More than 100 cyclists and motorcyclists are killed or seriously injured on UK roads every day.
In 2016, there were over 37,000 cyclist and motorcyclist casualties. These accounted for over a third of all incidents for the entire year. Significantly reducing these figures is paramount, and the way to do this is through education, raising awareness and changing attitudes.
This November, between the 19th and 25th, it is Road Safety Week coordinated by the charity Brake. An awareness campaign designed to educate road users and encourage everyone to be Bike Smart.
For drivers, Bike Smart means being on the lookout for those on two wheels, driving safely and slowly whilst giving bike riders plenty of space. For cyclists and motorcyclists, it means practicing safe-riding behaviours and obtaining appropriate training and equipment.
The campaign this year focuses on imploring policy-makers to implement a safe systems approach, mandating life-saving technology and prioritising cycle friendly infrastructure.
We want to encourage further cycle and motorcycle use. Not hinder it. It is a cleaner and cheaper form of transport. Long-term, it is excellent for the environment.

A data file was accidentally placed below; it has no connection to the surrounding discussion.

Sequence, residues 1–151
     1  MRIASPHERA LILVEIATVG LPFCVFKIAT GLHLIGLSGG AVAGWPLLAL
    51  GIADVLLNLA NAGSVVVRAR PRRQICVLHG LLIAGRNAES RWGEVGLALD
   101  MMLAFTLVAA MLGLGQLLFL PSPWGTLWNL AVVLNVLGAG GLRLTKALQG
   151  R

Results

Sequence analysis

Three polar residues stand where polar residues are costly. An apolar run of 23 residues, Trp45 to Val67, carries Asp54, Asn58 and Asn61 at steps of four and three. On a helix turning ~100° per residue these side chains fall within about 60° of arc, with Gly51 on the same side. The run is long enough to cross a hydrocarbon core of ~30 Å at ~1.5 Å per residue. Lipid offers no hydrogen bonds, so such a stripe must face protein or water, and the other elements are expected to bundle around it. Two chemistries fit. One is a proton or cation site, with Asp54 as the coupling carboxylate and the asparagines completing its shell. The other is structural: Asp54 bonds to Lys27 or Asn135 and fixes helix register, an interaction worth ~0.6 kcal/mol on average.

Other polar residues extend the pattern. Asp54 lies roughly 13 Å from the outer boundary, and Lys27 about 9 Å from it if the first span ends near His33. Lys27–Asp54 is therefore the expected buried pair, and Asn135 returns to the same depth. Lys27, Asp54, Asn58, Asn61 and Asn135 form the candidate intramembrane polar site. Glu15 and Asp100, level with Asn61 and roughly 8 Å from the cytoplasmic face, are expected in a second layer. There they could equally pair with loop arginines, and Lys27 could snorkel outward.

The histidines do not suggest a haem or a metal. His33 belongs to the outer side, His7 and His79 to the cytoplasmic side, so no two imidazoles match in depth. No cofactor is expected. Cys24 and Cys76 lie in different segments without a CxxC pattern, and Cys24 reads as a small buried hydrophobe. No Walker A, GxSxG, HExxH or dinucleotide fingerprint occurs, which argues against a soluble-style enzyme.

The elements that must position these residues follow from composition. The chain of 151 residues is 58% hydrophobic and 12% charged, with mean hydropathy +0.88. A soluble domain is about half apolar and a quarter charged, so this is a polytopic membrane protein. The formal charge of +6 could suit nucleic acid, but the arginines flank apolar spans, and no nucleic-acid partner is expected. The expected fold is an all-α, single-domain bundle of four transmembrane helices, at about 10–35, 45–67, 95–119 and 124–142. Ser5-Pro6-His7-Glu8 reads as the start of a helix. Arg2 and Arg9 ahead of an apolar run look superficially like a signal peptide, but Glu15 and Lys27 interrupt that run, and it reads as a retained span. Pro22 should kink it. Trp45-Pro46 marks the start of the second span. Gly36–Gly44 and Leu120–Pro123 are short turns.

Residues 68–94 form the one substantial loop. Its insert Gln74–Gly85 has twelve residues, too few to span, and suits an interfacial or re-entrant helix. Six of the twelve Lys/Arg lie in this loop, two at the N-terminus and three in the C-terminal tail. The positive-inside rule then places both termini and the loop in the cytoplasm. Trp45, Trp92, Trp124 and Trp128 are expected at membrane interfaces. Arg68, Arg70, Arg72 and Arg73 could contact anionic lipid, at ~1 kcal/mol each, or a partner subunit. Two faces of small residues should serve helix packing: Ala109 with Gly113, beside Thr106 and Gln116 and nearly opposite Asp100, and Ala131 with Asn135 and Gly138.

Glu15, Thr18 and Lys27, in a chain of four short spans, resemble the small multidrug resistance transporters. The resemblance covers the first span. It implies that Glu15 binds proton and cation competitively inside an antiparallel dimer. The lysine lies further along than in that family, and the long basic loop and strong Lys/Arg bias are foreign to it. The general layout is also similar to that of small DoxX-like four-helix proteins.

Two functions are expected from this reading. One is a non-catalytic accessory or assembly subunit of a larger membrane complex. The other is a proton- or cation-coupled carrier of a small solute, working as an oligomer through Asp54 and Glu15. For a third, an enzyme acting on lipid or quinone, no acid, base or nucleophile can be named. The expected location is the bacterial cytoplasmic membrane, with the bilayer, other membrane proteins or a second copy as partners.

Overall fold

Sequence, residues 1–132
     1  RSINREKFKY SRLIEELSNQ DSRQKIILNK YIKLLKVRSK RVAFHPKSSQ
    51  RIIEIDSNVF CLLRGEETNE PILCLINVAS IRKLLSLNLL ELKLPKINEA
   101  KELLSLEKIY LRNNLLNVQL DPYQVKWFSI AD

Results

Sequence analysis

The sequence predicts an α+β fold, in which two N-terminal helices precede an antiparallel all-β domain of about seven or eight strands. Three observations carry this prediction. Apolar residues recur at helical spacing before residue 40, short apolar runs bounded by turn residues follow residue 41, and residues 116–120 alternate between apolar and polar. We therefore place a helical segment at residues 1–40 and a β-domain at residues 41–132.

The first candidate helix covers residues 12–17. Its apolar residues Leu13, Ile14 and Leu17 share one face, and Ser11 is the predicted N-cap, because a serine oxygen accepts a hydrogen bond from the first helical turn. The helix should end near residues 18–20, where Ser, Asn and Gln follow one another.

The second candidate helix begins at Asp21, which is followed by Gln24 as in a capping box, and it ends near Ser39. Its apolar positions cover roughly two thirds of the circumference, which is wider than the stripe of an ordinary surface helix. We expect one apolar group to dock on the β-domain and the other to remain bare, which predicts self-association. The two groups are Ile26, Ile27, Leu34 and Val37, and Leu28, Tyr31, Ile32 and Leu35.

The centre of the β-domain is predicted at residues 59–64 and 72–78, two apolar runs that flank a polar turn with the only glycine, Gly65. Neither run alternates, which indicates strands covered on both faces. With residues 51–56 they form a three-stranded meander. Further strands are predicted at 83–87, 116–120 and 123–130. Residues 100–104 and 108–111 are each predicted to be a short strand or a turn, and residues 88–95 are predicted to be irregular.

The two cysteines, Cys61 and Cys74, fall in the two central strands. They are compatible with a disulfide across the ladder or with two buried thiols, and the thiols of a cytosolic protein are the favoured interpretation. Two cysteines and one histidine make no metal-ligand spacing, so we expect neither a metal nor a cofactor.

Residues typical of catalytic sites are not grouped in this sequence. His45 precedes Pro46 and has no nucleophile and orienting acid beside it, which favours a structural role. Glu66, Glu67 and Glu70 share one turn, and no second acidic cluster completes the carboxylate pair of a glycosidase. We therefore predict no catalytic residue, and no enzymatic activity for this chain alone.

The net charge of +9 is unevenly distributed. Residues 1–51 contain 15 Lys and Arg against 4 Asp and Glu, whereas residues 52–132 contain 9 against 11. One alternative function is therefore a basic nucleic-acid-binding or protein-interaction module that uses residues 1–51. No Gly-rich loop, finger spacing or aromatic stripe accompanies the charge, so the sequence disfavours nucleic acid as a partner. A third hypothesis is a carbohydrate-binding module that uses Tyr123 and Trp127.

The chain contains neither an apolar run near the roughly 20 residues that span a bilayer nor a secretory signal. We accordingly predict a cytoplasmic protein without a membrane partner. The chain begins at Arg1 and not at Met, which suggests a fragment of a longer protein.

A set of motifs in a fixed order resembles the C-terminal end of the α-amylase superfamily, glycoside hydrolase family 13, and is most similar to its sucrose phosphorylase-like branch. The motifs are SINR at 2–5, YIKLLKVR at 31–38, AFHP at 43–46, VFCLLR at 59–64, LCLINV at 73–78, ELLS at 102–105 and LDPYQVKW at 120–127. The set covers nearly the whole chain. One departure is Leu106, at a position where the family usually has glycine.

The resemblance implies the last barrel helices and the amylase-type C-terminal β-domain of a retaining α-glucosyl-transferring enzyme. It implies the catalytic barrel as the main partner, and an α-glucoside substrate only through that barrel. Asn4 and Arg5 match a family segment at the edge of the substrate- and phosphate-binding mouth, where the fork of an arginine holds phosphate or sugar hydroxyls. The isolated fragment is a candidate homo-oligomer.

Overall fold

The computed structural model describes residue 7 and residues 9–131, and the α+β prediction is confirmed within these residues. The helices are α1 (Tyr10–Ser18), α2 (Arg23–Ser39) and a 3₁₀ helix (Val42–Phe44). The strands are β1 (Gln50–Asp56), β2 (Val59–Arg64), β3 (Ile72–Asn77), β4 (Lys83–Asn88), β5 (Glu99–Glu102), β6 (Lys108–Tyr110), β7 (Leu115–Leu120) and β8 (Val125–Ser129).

In European cities, such as Amsterdam, infrastructure for cycling is exceptional. Multiple bicycle-racks on every street, integrated bicycle and bus lanes across the city as well as mass availability for the renting, purchasing and repairing of bicycles. This must be our aim. A truly holistic approach.
The Liberal Democrats are calling for the design of towns and cities to include safe and attractive walking spaces whilst implementing the recommendations of the Get Britain Cycling report. This report advises that cyclists’ and pedestrians’ needs be fully considered in all new developments and road schemes, introducing measures to increase road safety, and developing a coherent political leadership on this issue.
Wera Hobhouse said: “When I’m in Bath, I use my electric bicycle as much as possible. Cyclists have to be smart to keep themselves out of danger, as our city is not designed with the bike in mind. Often those in motorised vehicles don't know how much space they need to give cyclists, and this can be very dangerous. I've almost been knocked off multiple times. We need to improve infrastructure for bicycles, motorists need to respect cyclists, and cyclists need to know how to ride on the road."